- Used multiple times in The Conditions of Great Detectives. After Tenkaichi sets up a dramatic scene in the police station he asks to go to the bathroom, shocking everybody and causing some of them to fall off their chairs onto their face.
- It is a theatrical tradition that Hamlet is so shocked at the appearance of his father's ghost in his mother's bedchamber that he leaps from his chair, knocking it over.
- In El Goonish Shive, Grace does this upon meeting the Alternate Universe versions of Tedd and Elliot, who are dating.
Greg: Are you okay?Child Left Behind: I'm fine! I tripped!Shade Tail: But you were sitting.
Raven: Your classmate Grace is going to be here, and it's best she doesn't—- *THWUMP*Raven: What happened?Noah: Nothing! I tripped!
- Noah later does it on hearing that Grace is visiting Raven.
- In an Achievement Hunter Let's Play of 3D Ultra Minigolf Adventures 2, Geoff Ramsey, the worst player of the game in the office, makes an incredible putt that nets him an eagle. He falls backwards on his chair in excitement and temporarily goes deaf in his left ear. Since the scene from the AH office was recorded on camera, the viewers got to see the scene as it happened and an instant replay of it.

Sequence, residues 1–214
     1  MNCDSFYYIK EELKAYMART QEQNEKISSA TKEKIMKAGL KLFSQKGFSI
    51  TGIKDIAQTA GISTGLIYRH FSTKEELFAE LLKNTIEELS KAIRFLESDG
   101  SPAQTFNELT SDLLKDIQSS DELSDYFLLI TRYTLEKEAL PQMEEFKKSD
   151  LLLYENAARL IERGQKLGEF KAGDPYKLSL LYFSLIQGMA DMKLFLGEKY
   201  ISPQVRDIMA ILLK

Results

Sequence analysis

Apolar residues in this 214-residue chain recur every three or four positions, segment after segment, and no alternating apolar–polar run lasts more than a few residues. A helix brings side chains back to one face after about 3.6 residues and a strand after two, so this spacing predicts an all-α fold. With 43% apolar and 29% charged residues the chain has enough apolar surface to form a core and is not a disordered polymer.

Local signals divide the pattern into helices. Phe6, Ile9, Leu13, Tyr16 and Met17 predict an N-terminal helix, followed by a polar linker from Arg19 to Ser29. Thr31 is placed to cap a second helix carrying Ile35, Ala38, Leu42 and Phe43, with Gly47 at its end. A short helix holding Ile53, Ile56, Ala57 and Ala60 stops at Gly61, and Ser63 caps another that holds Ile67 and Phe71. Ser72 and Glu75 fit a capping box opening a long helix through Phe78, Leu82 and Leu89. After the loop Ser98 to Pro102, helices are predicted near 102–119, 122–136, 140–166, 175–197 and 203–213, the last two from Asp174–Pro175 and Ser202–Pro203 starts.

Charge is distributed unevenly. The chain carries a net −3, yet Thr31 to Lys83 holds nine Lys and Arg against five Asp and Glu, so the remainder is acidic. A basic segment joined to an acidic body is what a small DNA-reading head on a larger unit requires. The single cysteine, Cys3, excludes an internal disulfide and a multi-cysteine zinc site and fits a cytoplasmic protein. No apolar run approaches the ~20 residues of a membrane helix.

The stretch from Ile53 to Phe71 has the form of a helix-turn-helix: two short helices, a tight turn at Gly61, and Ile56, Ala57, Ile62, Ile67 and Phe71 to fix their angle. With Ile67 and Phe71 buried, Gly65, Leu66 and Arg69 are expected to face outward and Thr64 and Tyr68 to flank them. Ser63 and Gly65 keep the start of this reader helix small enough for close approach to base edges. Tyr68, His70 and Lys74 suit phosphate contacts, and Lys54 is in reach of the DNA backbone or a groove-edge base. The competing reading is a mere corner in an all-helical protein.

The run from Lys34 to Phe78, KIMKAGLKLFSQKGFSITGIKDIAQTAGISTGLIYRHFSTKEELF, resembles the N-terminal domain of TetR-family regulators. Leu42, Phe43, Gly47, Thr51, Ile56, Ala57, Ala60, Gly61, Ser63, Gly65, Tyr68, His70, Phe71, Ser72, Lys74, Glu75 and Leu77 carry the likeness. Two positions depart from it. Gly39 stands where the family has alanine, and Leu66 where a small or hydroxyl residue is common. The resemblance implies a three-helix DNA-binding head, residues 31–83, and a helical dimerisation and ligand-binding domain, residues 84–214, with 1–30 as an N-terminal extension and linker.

- In the episode "The Wizard of Evergreen Terrace" from The Simpsons, when Homer is trying to think of an invention and Bart makes fun of Homer's lack of progress, Homer tips his chair far too back and he falls down. Later, as Homer laments that his inventing career was not working out after all, he once again leans back too far on his chair... but this time, he doesn't fall. He explains that he added hinged extra legs so he'll stop tipping over while trying to invent stuff. The family commends him for his idea, and Homer is satisfied... until he looks closely at his poster of Thomas Edison and sees hinged legs on Edison's own chair. Realising that his own inspiration had a secret invention, Homer decides to go to the Edison Museum and smash the chair, taking all credit for himself. In the end, Homer couldn't do it because Edison was inspired by Leonardo Da Vinci, just as Homer was inspired by Edison.